By: Larry Studt, M.D., Occupational Health & Medicine Program, Sacred Heart and St. Joseph Hospitals
Have you ever heard someone say, "A storm must be coming…I can feel it in my bones." Is that an "old wives tale" or can aching joints actually predict weather changes?
It may be hard to believe, but one leading theory indicates weather can affect joint and muscle pain due to changes in barometric pressure. Barometric pressure, which is the weight of the atmosphere, often drops before bad weather sets in. Lower air pressure pushes less against the body, which allows tissues to expand. These expanded tissues can put pressure on the joint.
Even if you have aching joints, don't give up on physical activity. Swimming and bicycling are among the best exercises you can do because both allow you to exercise your joints without putting impact on them. And because water is buoyant, swimming relieves some of the pressure on your joints. Work with a physical therapist to strengthen the muscles around the joint and improve your range of motion.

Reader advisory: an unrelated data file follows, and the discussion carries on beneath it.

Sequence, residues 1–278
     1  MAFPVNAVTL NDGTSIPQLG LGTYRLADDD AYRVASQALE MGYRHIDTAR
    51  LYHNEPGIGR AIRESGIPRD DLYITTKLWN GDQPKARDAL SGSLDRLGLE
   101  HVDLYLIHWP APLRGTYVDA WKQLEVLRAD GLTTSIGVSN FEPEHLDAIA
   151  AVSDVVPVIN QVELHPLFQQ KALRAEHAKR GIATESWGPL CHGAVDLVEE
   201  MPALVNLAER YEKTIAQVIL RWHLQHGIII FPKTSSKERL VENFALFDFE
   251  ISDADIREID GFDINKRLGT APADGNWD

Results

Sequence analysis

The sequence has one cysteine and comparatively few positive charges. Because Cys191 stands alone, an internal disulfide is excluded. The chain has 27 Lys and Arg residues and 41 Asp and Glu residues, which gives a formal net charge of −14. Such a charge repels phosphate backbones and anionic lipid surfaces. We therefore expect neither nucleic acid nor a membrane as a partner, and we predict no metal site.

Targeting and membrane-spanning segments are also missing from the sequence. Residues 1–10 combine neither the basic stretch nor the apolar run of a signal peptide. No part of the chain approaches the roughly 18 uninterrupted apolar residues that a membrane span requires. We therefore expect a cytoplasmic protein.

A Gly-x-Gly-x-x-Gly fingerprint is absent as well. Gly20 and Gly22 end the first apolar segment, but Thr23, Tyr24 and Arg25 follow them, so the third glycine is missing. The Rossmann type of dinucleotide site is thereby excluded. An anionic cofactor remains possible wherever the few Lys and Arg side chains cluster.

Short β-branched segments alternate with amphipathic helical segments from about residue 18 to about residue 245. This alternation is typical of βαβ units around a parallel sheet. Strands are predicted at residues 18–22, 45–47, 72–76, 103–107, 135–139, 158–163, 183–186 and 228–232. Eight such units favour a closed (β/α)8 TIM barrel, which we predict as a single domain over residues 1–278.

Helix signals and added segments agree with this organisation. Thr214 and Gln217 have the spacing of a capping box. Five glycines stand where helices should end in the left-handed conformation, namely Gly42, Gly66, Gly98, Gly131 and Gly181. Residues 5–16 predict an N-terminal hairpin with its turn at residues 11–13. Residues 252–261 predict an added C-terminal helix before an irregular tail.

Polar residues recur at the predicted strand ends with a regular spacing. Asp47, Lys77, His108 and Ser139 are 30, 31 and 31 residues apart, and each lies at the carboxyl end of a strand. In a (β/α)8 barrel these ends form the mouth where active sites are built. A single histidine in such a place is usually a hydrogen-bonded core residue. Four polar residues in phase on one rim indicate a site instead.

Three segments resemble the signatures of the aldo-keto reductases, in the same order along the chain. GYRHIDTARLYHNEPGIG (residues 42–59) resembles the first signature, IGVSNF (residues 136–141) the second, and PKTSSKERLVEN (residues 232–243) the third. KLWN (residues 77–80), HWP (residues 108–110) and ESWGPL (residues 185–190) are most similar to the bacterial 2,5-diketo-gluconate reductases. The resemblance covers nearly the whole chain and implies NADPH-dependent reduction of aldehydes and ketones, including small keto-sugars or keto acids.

Some research indicates that glucosamine or fish oil supplements can help with joint pain. Of course, talk with your doctor before starting any new medication.
Be sure to watch the "Ask the Doc" video to learn more!
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